Liz Phair's been a bit of a low-grade lightning rod ever since she released Exile in Guyville. She made a lot of hard core fans with that record, wrought as it was with rage, sex and honesty. I remember my first few spins of the CD — I was probably 16-years-old, and I'd never heard anything like Liz. The lo-fi recording sounded thin, but somehow dangerous to my raised-on-the-radio ears. Her liberal cursing surprised me in the days when radio edit versions of songs were virtually unheard of, and listening to this woman deliver the f-word with relish and regret made me feel like a bit of a daredevil. And the salacious "Flower," well, it just made me squirm. In all, it was a life-changing record, and I'm hardly the first to feel that way.
She's never made another record as raw as Guyville, and for that, she's been called a sell-out and far, far worse. Her sound's gotten more lush with every album, and many would say, more mainstream. But her sense of humor still sets her apart, and the blatant way her lyrics trace her life kept me with her all the way through whitechocolatespaceegg, even though by then, her songs were much about motherhood and marriage, things I wasn't even musing about in 1998.
Phair took some time off, then released albums in 2003 and 2005 before dipping out again. Then, on July 4, 2010, she independently unveiled Funstyle on her website. The Daily Beast's Emily Gould, who calls herself "not remotely objective when it comes to Liz Phair" so deep is her devotion, sat down with Phair for an hour. When Gould raised the issue that many fans of her early work have, that they feel personally betrayed by her path, Phair's response is quite clear:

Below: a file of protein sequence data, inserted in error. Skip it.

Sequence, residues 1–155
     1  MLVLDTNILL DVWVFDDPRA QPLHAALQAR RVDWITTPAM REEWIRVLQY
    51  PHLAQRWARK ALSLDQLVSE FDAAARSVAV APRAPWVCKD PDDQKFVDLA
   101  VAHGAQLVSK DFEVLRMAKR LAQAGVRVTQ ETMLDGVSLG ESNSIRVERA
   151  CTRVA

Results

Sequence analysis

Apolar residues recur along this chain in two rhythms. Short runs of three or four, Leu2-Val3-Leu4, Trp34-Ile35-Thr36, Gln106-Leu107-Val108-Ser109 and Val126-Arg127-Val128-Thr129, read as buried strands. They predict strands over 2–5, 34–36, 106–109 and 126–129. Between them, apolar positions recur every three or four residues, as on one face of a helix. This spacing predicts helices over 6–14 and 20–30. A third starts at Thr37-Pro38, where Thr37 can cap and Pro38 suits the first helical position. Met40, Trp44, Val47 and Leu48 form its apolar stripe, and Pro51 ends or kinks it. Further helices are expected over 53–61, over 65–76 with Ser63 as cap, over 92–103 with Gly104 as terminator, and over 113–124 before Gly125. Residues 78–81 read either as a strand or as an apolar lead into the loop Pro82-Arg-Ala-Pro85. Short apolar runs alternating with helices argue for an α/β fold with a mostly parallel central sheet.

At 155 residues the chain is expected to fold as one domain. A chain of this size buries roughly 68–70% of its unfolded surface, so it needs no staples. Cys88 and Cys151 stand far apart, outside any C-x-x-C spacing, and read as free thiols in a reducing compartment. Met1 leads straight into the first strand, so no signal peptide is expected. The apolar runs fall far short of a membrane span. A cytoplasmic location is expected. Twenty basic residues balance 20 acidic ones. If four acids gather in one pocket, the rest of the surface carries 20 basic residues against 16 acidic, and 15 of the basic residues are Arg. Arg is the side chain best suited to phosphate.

Everything that people lob at you who don't know you, it all hurts. When you're doing something as simple as making music, which really, theoretically, shouldn't hurt anyone — I mean, it's a song! Step back for five seconds and laugh.
I've had the same friends since I was little. I keep all my long-term relationships. I'm close with my family. I'm a more honest and kind person than I've ever been, I'm more responsible — I think whatever they wanted me to be would be like asking me to stay in this developmental cage.
Should she really have to stay"lost" and "miserable," words she uses to describe her life circa-Guyville, just to feed her angsty fans? Surely not. So you don't have to listen to Funstyle, or anything but Guyville if that's your choice. You keep your Liz, and maybe, in your lighter moments, cheer her on. Or at least, keep your sell-out comments to yourself.